It is in vain to say human beings ought to be satisfied with tranquillity:  they must have action; and they will make it if they cannot find it.  Millions are condemned to a stiller doom than mine, and millions are in silent revolt against their lot.  Nobody knows how many rebellions besides political rebellions ferment in the masses of life which people earth. Women are supposed to be very calm generally: but women feel just as men feel; they need exercise for their faculties, and a field for their efforts, as much as their brothers do; they suffer from too rigid a restraint, to absolute a stagnation, precisely as men would suffer; and it is narrow-minded in their more privileged fellow-creatures to say that they ought to confine themselves to making puddings and knitting stockings, to playing on the piano and embroidering bags. It is thoughtless to condemn them, or laugh at them, if they seek to do more or learn more than custom has pronounced necessary for their sex.”

Sunday, September 08, 2013

exciting eleven

Today is Jonathan's eleventh birthday.

Our chubby-cheeked big little dude.
Always happiest with a ball in his hands ... and a hat on his head.

Bringing people joy.


 Happy Birthday, Jonathan!
Love from
Dad, Mom, and Allison.

Monday, September 02, 2013

30 is the new 40! (It's not what you think.)

We got back from PEI a little over a week ago.  We've made at least 25 trips there and back in as many years, so it's become a pretty familiar 1500 kilometres.  But the Montreal stretch of the trip is always stressful.  Highway 40 winds right through the city of Montreal, three lanes the whole way, with tight off-and-on ramps, hairpin twists, and a healthy percentage of drivers whose cars don't appear to have turn signals installed.  It's an hour of tense bumper-to-bumper driving with me navigating and saying things like "This is where two lanes go off to the left, you'd better get to the right!" and "As soon as we get off this ramp we have to get in the centre lane right away!!" 

Although we've never had any accidents or mishaps, this is always the part of the trip we just wish was over -- or even better, that we could avoid entirely.

When we arrived in PEI we were talking about the drive and someone said, "Why don't you try the new bypass?"  "NEW BYPASS?" we asked, wide-eyed.  Yes, the newly-completed Highway 30 now goes completely around the city to the south, connecting 20 on the west side to 20 on the east; there's no need to go anywhere near the dreaded Highway 40 if you don't want to.

On our return journey, we eagerly awaited the exit to Highway 30 so we could see for ourselves what the fuss was about.  "Follow that car!" I said when we reached Exit 98 ... and suddenly our whole travel experience changed.  Highway 30 was quiet, taking a long, actually fairly boring loop around the south end of the city.  Did I say boring?  Bring it on!  It was great:  an hour of relaxed, calm travel compared to an hour of white-knuckle lane changes.  And the toll:  one dollar and fifty cents.  I'd probably have paid twenty dollars without hesitation.  It looks like our trips to and from PEI will be quite different from now on without the dreaded Montreal Factor.

This got me thinking about the journey of life.  I wondered what would happen if someone told me, "All those stressful, painful parts of life?  Guess what?  You don't have to go through those!  You can just take The Bypass; it's quiet, inexpensive, and stress-free."

Sounds appealing, doesn't it?  Who wouldn't choose easy and calm over stressful and tense?  But if I stop and think about it, I realize that many -- though of course not all -- of the difficult or stressful things in life also have a good side.  So if I chose to avoid the difficult parts I would also miss the positive ones.  If I had been able to say, "Having special needs kids sounds awfully challenging; I think I'll pass," Allison and Jonathan would not exist in this world -- and that's unimaginable!  Besides, decisions like that rarely affect just one person; ripples would go out from me to many other people whose lives would be affected by what I chose.  That's a huge responsibility.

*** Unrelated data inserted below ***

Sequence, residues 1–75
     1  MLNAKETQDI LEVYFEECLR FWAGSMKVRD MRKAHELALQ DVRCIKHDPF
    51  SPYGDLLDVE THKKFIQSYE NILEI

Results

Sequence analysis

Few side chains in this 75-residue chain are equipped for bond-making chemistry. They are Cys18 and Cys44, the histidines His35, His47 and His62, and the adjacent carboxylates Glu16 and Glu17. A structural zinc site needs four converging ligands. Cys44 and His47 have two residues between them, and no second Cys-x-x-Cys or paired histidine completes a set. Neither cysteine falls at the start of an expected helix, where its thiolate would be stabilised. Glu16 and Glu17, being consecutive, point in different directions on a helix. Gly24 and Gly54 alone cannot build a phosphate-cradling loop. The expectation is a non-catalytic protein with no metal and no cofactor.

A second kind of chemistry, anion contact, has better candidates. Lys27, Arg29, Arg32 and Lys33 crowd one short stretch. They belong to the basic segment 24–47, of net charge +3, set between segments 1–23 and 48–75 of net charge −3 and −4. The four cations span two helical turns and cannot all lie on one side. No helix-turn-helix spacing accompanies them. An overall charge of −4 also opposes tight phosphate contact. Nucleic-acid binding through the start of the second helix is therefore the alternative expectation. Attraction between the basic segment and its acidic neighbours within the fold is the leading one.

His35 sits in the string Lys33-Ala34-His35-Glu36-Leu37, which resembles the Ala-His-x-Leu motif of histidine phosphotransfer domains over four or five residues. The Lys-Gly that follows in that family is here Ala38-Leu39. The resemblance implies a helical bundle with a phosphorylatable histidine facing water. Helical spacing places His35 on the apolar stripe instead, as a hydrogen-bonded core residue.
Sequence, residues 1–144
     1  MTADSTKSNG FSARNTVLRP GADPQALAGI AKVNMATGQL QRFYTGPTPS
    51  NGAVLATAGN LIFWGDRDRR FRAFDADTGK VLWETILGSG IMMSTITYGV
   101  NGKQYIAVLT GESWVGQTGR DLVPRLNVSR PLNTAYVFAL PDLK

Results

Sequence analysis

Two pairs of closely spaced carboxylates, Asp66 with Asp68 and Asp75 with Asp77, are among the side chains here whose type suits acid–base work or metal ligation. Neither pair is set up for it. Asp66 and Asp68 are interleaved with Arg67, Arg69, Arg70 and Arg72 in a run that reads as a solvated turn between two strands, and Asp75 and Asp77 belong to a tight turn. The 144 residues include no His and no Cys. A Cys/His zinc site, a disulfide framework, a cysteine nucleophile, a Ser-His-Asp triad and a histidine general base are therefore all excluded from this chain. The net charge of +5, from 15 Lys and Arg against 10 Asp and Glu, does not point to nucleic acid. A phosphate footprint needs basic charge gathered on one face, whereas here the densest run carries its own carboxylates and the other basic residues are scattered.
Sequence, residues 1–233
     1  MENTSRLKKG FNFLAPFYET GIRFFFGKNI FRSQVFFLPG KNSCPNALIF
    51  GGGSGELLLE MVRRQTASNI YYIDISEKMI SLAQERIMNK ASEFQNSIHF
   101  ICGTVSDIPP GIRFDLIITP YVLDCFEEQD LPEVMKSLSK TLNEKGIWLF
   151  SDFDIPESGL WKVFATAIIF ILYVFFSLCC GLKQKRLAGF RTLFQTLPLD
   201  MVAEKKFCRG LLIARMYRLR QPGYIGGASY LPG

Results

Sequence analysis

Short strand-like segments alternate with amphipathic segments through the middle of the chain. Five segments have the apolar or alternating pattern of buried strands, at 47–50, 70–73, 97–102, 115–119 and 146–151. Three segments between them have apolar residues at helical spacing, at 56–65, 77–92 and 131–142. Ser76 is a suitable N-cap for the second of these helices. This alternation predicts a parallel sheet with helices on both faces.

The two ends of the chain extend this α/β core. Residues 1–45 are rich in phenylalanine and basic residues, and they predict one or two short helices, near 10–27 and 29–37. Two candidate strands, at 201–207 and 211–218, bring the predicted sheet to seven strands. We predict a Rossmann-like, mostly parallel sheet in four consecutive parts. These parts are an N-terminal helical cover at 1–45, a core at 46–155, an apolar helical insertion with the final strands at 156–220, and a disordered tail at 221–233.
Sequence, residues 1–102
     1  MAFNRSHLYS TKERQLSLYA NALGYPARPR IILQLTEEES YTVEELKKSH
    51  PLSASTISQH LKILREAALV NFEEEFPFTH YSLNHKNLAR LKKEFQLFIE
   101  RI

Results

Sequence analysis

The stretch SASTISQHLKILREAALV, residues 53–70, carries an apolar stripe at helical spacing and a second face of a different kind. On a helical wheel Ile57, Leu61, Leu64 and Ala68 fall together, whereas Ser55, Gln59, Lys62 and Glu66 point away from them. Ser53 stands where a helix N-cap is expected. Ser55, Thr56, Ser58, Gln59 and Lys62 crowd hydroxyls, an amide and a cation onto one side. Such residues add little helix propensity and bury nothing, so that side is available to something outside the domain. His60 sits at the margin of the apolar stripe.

In any case, it's kind of a moot point because in most of the important areas of life we aren't given that kind of choice between hard and easy.  And even in the areas where we do have a choice -- after all, as human beings we do have a great deal of freedom -- we don't always see the whole picture.  We might make a decision based on something that seemed vitally important at the time, only to realize later that that factor was actually pretty insignificant.

When I look at other people's lives from the outside I can't help noticing that some seem more like smooth, relaxing Highway 30's while others are more like tense, white-knuckle 40's.  I don't know why that is:  I don't think it's because person A decided to take the easy road and person B opted for the wild ride -- but I'm equally sure that it isn't because God said, "Wouldn't it be fun if I sent Mary some cancer and let John win the lottery?"  Why people experience what they do in life is a mystery I don't feel qualified to plumb.

I wasn't given any choice in the most challenging aspects of my life, and ultimately I'm grateful that I wasn't.  I don't know if I would have made the right decisions; I'm not even sure I would have chosen for the right reasons.  When it comes right down to it, I think it's better to have faith in God even in the unknown than put all my trust in my own ability to choose the right path.

So today I'm sharing the words of the hymn "This Day God Gives Me" because it is a song about trust in a God who is good.

This Day God Gives Me 

This day God gives me strength of high heaven, 
Sun and moon shining, flame in my hearth,
Flashing of lightning, wind in its swiftness,
Deeps of the ocean, firmness of earth.
This day God sends me strength as my guardian,
Might to uphold me, wisdom as guide.
Your eyes are watchful, Your ears are listening,
Your lips are speaking, Friend at my side.
God’s way is my way, God’s shield is ’round me,
God’s host defends me, saving from ill.
Angels of heaven, drive from me always
All that would harm me:  stand by me still.
Rising I thank You, Mighty and Strong One,
King of Creation, Giver of Rest,
Firmly confessing God in three Persons,
Oneness of Godhead, Trinity blest.